New UPMC East provides sneak peek
No linoleum in the hallways, no plastic chairs in the lobby, no mystery meat on the menu.
At a time when hospitals are trying to outdo each other to attract patients, the glass-clad UPMC East in Monroeville boasts terrazzo flooring made with marble chips, concierges to help visitors and "room service" food ordering.
UPMC officials on Thursday provided a preview of the $250 million facility that's scheduled to open July 2 about a mile away along Mosside Boulevard from rival West Penn Allegheny Health System's Forbes Regional Hospital.
While they emphasized high-end amenities, private rooms and the latest medical technology, UPMC officials said they did not overspend to build the energy-efficient hospital.
"It's not opulent at all," said Joseph Badalich, a project director for UPMC who oversaw the four-year construction project. "We kept it as small as we could to not have wasted spending."
As UPMC puts the finishing touches on the 156-bed UPMC East, West Penn Allegheny is working to improve the 350-bed Forbes, which opened in 1978. Forbes is undergoing a $20 million renovation and is pursuing designation as a Level II Trauma Center, which would enable it to treat severely injured people rather than transfer them to hospitals in Pittsburgh.
Health insurer Highmark Inc. is paying for the work at Forbes while awaiting approval to buy West Penn Allegheny for $475 million. It plans to set up an integrated medical services network that can compete with UPMC, the region's dominant health system.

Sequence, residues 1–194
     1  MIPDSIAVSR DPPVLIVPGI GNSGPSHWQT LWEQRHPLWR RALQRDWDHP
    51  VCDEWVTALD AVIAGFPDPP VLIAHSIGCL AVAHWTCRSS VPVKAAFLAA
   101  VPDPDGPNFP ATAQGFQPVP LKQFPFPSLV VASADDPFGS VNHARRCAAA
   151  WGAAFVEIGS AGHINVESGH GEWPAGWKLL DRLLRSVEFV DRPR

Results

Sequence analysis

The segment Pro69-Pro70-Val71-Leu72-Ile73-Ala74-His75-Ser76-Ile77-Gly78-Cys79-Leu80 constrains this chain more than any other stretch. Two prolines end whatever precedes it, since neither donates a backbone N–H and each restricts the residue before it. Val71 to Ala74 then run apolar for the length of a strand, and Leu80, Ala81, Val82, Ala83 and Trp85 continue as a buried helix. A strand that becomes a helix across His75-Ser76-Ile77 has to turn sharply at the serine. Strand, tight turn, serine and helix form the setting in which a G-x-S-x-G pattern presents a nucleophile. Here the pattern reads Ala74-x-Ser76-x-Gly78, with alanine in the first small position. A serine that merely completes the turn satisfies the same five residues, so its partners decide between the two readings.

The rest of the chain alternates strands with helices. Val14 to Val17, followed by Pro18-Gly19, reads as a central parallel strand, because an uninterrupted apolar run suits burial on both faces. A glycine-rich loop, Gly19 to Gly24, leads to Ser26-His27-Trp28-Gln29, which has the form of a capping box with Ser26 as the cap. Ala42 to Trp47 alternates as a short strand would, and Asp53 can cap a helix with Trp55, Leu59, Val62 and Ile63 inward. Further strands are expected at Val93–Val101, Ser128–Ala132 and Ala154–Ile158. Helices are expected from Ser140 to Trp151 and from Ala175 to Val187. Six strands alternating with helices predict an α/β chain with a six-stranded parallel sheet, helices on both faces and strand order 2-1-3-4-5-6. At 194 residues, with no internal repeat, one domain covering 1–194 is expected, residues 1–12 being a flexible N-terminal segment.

"At the end of the day, we are confident that the people of Monroeville and its neighboring communities will continue to rely on Forbes Regional Hospital as the close-to-home provider of choice for a much more comprehensive scope of advanced health care services," West Penn Allegheny spokesman Dan Laurent said.
UPMC's decision to build in Monroeville prompted state Sen. Jim Ferlo, D-Highland Park, to introduce legislation to reinstate a program requiring health systems to justify spending on new hospitals and medical equipment. Pennsylvania is one of 14 states that do not regulate hospital construction and hospital equipment purchases.
"Everybody can say, 'Oh look, we have this great new hospital in Monroeville,' but it's a tremendous cost that comes with that expenditure," said Ferlo, who has publicly supported the survival of money-losing West Penn Allegheny. "I don't know that it's the best utilization of the public dollar. I would prefer to have a health care system that meets people's needs and prioritizes expenditures."
The Tribune-Review last year published "Code Green: Bleeding Dollars," a yearlong series of stories that looked at some of the key factors that contribute to the soaring cost of health care, including a nationwide hospital building boom. Pennsylvania is among the top 10 in borrowing for hospital construction in the past four years, the newspaper's data analysis found, and hospitals nationwide borrowed $144 billion from 2009 until last November for buildings, equipment and financing. Experts say that contributes mightily to the soaring national health care bill.
Despite its proximity to Forbes, UPMC East President Mark Sevco said the hospital is intended to serve people from the eastern suburbs who travel to UPMC facilities in Pittsburgh. He said up to 100 patients from the Monroeville area are admitted every day to UPMC Presbyterian and Shadyside hospitals, and many of those patients are expected to go to UPMC East instead once it opens.
"It will be a lower-cost product when you compare it to Presby," Sevco said. "We're very focused on keeping our costs contained."